An elderly woman consults a physician because she is “feeling so tired all the time”

An elderly woman consults a physician because she is “feeling so tired all the time”. Intraoffice hematocrit is 35%. Peripheral blood smear shows many macrocytic red cells. On questioning, the woman, whose finances are limited, admits that has been living on a “tea and toast” type diet. She has been drinking a powdered orange juice substitute (Tang). She has not been taking vitamin pills because she feels she can’t afford them. A nutritional deficiency of which of the following is the most likely cause of this patient’s anemia?

A. Folate
B. Iron
C. Vitamin B12
D. Vitamin C
E. Vitamin K

The correct answer is A.

In real life, you would evaluate this woman for deficiencies in iron, folate, and Vitamin B12, since a woman with a diet this poor may very well have multiple problems. However, for the purpose of this type of test question, you should reason as follows: both vitamin B12 and folate deficiency can cause megaloblastic anemia. The patient’s “tea and toast” diet is much more suggestive of folate deficiency than B12 deficiency. Folate is widely found in plant and animal tissues, but is easily destroyed by over-cooking. Particularly vulnerable populations include the elderly, alcoholics, chronic liver disease patients, pregnant women, tropical sprue patients, chronic hemolytic anemia patients, and patients being treated (usually chronically) with certain medications (anti-convulsants, oral contraceptives, antimetabolites, and antibiotics that interrupt folate metabolism).

Iron deficiency (choice B) causes a microcytic anemia.

Vitamin B12 deficiency (choice C) is an important cause of megaloblastic anemia, but is more likely to be related to chronic gastritis with destruction of intrinsic factor-secreting parietal cells (pernicious anemia), fish tapeworm infestation, or malabsorption.

Vitamin C deficiency (choice D) is an occasional cause of megaloblastic anemia (often in conjunction with mild folate deficiency), but this patient is drinking a vitamin C-containing orange juice substitute.

Vitamin K deficiency (choice E) is usually related to either malabsorption or intestinal parasitic infection, and causes a bleeding tendency (because it is needed for synthesis of many clotting factors) rather than anemia.

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Dr. Lawrence Kindo

I am a medical blogger who loves to share interesting health stuff. This blog is dedicated to dissemination of medical MCQs. Enjoy!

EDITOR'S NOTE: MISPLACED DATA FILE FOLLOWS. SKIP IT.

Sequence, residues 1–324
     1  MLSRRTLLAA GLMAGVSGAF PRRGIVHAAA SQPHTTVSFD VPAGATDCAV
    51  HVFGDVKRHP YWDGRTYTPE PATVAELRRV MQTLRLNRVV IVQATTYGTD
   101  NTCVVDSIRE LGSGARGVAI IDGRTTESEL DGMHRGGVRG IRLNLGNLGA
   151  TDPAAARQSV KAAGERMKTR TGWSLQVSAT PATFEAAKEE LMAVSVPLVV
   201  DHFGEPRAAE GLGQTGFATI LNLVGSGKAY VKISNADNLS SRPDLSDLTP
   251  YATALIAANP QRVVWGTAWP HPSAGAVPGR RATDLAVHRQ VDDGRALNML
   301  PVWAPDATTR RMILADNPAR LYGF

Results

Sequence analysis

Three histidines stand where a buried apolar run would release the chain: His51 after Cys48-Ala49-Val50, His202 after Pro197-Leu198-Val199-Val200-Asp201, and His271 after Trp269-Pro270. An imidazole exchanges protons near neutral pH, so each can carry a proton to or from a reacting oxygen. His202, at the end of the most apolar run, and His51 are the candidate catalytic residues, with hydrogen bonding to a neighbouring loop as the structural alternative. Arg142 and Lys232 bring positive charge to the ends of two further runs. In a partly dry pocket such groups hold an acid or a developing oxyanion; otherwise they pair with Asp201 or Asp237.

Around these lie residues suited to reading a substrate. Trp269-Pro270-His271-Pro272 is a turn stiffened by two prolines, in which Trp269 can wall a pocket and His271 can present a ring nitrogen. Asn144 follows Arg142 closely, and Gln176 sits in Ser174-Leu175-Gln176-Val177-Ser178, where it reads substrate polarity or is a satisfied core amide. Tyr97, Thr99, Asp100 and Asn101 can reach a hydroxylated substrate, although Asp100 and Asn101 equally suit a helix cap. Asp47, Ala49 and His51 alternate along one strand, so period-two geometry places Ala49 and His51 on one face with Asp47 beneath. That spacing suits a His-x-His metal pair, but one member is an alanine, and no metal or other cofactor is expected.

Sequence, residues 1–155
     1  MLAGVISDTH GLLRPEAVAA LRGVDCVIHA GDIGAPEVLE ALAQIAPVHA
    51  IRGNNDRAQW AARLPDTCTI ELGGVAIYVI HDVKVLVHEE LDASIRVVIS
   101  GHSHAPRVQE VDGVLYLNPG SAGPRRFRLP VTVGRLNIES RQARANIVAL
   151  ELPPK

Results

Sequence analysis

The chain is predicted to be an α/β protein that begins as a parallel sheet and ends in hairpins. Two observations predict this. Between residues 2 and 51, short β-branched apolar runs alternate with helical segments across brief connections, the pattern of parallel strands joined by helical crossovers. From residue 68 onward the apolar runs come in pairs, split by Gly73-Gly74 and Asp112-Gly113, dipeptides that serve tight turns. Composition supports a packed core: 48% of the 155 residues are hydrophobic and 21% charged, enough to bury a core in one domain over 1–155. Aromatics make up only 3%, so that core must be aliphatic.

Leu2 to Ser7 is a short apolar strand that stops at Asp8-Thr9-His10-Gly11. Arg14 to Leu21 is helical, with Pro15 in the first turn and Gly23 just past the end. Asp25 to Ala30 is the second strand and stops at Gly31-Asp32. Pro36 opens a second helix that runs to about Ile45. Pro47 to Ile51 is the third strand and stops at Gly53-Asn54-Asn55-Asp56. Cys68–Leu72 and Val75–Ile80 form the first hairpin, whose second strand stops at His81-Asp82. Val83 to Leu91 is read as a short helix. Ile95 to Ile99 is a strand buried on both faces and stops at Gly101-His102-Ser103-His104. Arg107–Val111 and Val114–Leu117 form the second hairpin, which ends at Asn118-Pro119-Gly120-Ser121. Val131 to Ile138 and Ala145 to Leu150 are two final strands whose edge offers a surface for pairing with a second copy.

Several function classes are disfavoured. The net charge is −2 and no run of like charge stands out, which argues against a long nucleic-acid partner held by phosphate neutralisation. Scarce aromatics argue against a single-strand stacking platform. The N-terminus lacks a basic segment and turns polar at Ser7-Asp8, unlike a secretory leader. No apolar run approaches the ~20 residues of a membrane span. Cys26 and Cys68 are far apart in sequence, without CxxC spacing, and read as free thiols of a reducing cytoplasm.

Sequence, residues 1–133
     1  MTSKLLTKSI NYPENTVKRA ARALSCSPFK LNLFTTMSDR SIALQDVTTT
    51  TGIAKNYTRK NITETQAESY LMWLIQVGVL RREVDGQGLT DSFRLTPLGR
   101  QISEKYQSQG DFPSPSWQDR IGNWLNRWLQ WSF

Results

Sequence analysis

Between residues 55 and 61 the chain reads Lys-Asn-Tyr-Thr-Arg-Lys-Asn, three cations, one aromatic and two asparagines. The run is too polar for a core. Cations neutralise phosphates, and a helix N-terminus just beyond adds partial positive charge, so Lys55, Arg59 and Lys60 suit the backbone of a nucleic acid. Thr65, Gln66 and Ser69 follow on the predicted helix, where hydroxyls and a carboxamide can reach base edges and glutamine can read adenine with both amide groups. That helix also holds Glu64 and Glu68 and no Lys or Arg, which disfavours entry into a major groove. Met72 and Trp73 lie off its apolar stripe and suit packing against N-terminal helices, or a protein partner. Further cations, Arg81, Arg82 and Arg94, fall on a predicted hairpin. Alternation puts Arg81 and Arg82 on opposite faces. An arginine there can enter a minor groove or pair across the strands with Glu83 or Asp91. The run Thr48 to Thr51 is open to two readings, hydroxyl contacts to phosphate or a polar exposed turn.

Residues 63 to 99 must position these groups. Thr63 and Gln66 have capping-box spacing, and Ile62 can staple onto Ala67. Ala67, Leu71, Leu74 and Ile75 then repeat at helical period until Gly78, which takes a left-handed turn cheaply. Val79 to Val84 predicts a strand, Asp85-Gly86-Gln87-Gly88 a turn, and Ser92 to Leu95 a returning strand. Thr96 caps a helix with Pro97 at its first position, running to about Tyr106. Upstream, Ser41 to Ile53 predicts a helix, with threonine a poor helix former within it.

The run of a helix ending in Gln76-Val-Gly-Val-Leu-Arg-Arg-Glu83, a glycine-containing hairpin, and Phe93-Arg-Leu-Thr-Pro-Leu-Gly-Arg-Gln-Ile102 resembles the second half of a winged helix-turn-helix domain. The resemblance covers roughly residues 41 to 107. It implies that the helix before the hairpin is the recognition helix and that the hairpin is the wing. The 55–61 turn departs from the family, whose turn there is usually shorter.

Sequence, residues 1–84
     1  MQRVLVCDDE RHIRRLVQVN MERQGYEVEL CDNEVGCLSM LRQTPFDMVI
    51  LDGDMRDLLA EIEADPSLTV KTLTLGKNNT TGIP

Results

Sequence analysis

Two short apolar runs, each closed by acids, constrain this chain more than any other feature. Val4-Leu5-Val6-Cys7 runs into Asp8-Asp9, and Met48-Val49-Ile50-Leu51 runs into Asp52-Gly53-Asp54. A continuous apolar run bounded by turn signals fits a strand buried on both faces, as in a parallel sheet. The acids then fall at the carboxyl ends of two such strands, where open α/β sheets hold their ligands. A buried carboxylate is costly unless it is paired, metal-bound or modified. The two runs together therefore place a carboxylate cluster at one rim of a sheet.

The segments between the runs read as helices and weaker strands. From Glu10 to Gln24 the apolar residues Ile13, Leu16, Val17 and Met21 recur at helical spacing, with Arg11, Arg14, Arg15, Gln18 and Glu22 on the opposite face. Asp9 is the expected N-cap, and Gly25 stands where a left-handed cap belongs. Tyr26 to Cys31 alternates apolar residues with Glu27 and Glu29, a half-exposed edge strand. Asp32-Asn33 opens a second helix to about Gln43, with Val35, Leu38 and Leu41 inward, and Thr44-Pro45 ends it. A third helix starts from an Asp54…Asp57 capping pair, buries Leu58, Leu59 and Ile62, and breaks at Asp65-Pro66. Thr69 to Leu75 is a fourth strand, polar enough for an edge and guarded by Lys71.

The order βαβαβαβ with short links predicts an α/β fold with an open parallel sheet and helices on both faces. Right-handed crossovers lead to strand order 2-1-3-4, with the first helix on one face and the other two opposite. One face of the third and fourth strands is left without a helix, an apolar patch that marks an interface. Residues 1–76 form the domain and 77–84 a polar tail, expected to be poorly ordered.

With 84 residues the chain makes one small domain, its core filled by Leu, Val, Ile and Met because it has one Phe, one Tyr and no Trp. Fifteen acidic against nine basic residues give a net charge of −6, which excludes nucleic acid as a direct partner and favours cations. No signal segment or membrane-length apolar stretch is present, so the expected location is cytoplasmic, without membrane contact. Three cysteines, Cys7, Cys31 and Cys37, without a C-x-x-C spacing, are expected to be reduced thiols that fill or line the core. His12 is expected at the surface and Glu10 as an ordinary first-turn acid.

7 comments… add one
  • dr.janan al-khayat

    Vit B12 deficiency is the correct answer in my opinoin. As per the explanation given , Folate is widely found in plant and animal tissues, so she is likely to maintain some of it in the vegatables or fruits that she is eating .But Vit 12 is mainly available in animal tissues [which she cannot afford to buy ] hence after several years of such restricted diet she is more likely to develop B12 deficiency [rather than Folte ]aneamia .Besides ,atrophic gastritis frequency increase with age [ need not to be autoimmune ] which exposes her to intrinsic factor defficiency .

  • dr wajeeha anjum

    affirmatve! supports reply by dr janan al-khayat

  • dr. alfy

    suspicious with b12 def

  • Richrd

    The question does not give any physical signs that this is B12 def. NO PHYSICAL SIGN. Only the macrocytic change. This is folate def.
    If the author wanted you to say B12 def, they would have mentioned something about Neurological symptoms: Sensory or motor deficiencies (absent reflexes, diminished vibration or soft touch sensation).

    • Hi Richrd,

      I am with you here. Absence of neurological symptoms in the question should lead to Folate deficiency!

  • Richrd

    Also, the total body stores 3-4 yrs worth of B12. Takes 3-4 years to get deficient. Folate on the other hand takes 3-6 months to be deficient.

    What matters is NOT your opinion, but FACT. Try not to practice “my opinion is…” without background knowledge.

    • Excellent point about the total body stores of B12 and Folate.

      Chill it with the subsequent taunt. This is an open platform and discussion is key to keep things going. You are both welcome here!

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